Memories

On the eve of a new year I want to explore memories. My daughter used to take voice lessons when she was young, and one of her recital performances was “Memory” from the Cats musical. It just started playing in my head.

Why is it I remember certain events in my past and not others? How come I recall paramount memories; that is, it seems I remember mostly those that are wonderful and bring me pleasure and those that ‘haunt’ me? Where are my benign memories stored?

First, my hero Milton H. Erickson in a lecture On Hypnosis in Psychiatry in 1957 said the following.

“I like to regard my patients [as] having a conscious mind and an unconscious or subconscious mind, and I expect the two to be together in the same person. And I expect both of them to be in the office with me. I also expect when I’m talking to a person at the conscious level I expect him [or her] to be listening to me at the unconscious level as well as consciously.”

Then, let me use the word subconscious for those activities of our mind and soul that are not in our awareness. This for me is different from being unconscious, which might be a medical term for knocked or passed out. Conscious thoughts are in our awareness or could be should we decide to be mindful and put our attention to them.

My theory on memories is reflected in answers to the above questions.

Why is it I remember certain events in my past and not others? Think remarkable, outstanding, what you deem out of the ordinary. Like the tip of the iceberg, kind of thing. The part of the iceberg poking out of the water is the remarkable and recallable part. The water line is some personal threshold connected to emotion, thought, and well-being. The part of the iceberg beneath the water is the entire event, everything surrounding it, the place, people, actions. The important part of the iceberg underwater is it is know-all, see-all, hear-all – the all-encompassing Truth — of the situation. That also describes our subconscious.

Sometimes the exposed part of the iceberg or the remembered memory is wonderful, blissful, warm, fuzzy, joyful and peaceful. Rad, sick, dope, way cool. 

Sometimes the exposed part of the iceberg memory is painful, regretful, guilt ridden or accusatory, and most important of all, unprocessed and unresolved. 

How come I recall paramount memories; that is, it seems I remember mostly those that are wonderful and bring me pleasure and those that ‘haunt’ me? Wonderful memories allow you to continue to feel the love, share the love, live in love. Hang out in them and spread the word.

Haunting or emotionally “negative" memories are messengers, your own subconscious knocking on your door. They may appear out of nowhere, when in fact they appear more like words in a game of association. Your subconscious is all about making everything in your being jive and hum in health and balance. It makes literal and figurative associations that boggle the conscious mind. Anything in present time has your subconscious making connections, looking for the slightest opportunity to deliver up helpful information, such as an unresolved life event a.k.a. memory.

A recurring memory who has gotten your attention at your front door needs attention. 

“How may I help you?” you might ask.
“Oh no, I am here to help you,” says your memory.
“How so?” you say.

From “Memory” you ‘must wait for the sunrise,’ you ‘must think of a new life’ and you ‘mustn't give in. When the dawn comes, tonight will be a memory too. And a new day will begin.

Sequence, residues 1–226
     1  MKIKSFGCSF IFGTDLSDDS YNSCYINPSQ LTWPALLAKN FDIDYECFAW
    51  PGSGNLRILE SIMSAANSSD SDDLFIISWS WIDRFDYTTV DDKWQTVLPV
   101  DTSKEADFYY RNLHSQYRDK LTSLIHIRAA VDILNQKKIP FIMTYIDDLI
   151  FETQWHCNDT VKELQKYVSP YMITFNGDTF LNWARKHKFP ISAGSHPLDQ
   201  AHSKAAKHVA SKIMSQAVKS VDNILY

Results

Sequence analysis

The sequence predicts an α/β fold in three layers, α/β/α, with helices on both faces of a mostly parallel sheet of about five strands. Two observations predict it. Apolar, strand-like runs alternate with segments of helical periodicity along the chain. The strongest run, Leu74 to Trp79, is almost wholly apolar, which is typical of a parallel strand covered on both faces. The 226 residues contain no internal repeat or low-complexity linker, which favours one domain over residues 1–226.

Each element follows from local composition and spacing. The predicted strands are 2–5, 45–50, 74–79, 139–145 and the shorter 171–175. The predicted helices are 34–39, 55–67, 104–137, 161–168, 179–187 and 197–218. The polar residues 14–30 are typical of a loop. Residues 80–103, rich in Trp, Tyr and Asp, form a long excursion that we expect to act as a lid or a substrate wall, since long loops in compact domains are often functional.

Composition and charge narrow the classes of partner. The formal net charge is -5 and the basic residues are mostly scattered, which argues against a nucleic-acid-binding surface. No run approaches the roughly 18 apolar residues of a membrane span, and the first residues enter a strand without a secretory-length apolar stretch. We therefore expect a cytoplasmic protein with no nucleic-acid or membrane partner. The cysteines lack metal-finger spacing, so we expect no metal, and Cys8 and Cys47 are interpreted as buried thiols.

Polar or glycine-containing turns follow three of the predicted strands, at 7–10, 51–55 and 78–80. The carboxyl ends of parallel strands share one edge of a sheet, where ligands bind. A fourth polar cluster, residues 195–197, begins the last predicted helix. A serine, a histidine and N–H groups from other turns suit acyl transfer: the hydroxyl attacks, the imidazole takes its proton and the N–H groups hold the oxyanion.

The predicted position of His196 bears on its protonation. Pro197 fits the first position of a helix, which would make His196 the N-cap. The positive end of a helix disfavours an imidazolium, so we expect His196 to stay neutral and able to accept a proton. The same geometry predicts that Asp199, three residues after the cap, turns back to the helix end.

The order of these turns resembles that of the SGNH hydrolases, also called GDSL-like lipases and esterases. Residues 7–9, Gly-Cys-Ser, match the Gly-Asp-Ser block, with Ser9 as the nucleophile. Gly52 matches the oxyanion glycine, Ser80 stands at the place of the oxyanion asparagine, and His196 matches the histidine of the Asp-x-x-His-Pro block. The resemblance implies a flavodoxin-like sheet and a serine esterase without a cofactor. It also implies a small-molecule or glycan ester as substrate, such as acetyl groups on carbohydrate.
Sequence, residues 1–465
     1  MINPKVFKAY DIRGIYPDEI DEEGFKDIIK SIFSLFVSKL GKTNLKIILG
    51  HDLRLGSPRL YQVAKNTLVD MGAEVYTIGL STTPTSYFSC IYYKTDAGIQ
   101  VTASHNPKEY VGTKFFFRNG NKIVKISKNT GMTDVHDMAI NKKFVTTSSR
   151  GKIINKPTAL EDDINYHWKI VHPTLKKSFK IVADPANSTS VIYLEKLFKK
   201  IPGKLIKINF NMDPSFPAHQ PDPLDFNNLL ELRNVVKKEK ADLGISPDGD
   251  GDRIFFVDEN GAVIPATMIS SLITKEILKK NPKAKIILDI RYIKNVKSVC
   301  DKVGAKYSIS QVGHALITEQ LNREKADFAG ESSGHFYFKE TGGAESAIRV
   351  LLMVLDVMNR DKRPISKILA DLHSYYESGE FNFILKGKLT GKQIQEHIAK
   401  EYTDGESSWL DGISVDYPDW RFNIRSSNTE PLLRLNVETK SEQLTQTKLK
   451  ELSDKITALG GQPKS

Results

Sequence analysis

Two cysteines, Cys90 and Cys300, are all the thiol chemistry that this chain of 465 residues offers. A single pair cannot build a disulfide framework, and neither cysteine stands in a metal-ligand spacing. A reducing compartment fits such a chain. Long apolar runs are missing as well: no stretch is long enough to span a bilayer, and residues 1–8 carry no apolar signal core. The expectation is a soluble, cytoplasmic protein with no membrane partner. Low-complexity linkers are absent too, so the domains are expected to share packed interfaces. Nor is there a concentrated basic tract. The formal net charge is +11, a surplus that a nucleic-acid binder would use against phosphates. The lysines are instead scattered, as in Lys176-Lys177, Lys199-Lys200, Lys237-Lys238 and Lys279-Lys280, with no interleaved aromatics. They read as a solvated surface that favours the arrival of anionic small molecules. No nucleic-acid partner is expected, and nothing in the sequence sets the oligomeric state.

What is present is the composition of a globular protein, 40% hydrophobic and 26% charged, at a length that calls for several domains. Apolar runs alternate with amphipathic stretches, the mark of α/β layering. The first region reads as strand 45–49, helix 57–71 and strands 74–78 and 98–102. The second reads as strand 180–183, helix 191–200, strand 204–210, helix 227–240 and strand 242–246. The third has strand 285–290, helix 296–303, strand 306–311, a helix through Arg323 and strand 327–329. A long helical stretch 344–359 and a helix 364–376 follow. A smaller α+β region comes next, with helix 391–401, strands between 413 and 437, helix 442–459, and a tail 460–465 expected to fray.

Here is how to think of that new life. How quickly can you consider and answer these questions?

  • What have you come to know now about yourself and life that would have allowed you to make it through that event unscathed?
  • What do you now know about life and the human condition that would have allowed you to come through that event empowered?
  • Once you’ve given yourself that awareness, truth, and knowledge (as in, install it right now), how does that event play out differently?
  • What could you have done to prevent any harm to be done to you? And to others?
  • What resources could have been injected into the others involved so they could have made better decisions?
Memory knockin 3 doors

A memory will not stop knock, knock, knockin' at your door until you open it, welcome it, and allow it to serve you. After it helps you, it becomes benign. 

Where are my benign memories stored? I have a mental room called “That-Which-Is-No-Longer-Needed,” and life is good there for any who enter it. Benign memories go in the That-Which-Is-No-Longer-Needed room. I can go in there anytime I wish and walk around, revisiting friends, family, acquaintances, strangers, betrayers, murders, saviors. I thank each one for contributing to my brief but meaningful journey on Earth here. Each one was necessary; each one was a lesson of some sort; each one made me who I am. Who I AM.

The subconscious works in mysterious ways. Have you noticed that it delivers knowledge, meaning, and value not only via memories but also in music? Thank you, subconscious, for “Memory” and “Knockin’ on Heaven’s Door.” 

Lastly, less metaphysically and more practically, Richard Bandler is one of the founders of NeuroLinguistic Programming (NLP) and is still active in the world of change. Here is a demonstration of “Overcoming Bad Memories” that is quite revealing of his skill and demeanor. Sorry if you are offended by his humor.


Sign up HERE for a tiny newsletter. Monthly. No gimmicks. No tricks. Straight to your inbox. Yours to keep forever. Plus $10 coaching-session passes. Stick around only if you want. No spam. Unsubscribe any time.

© Kris Kramer Coach 2019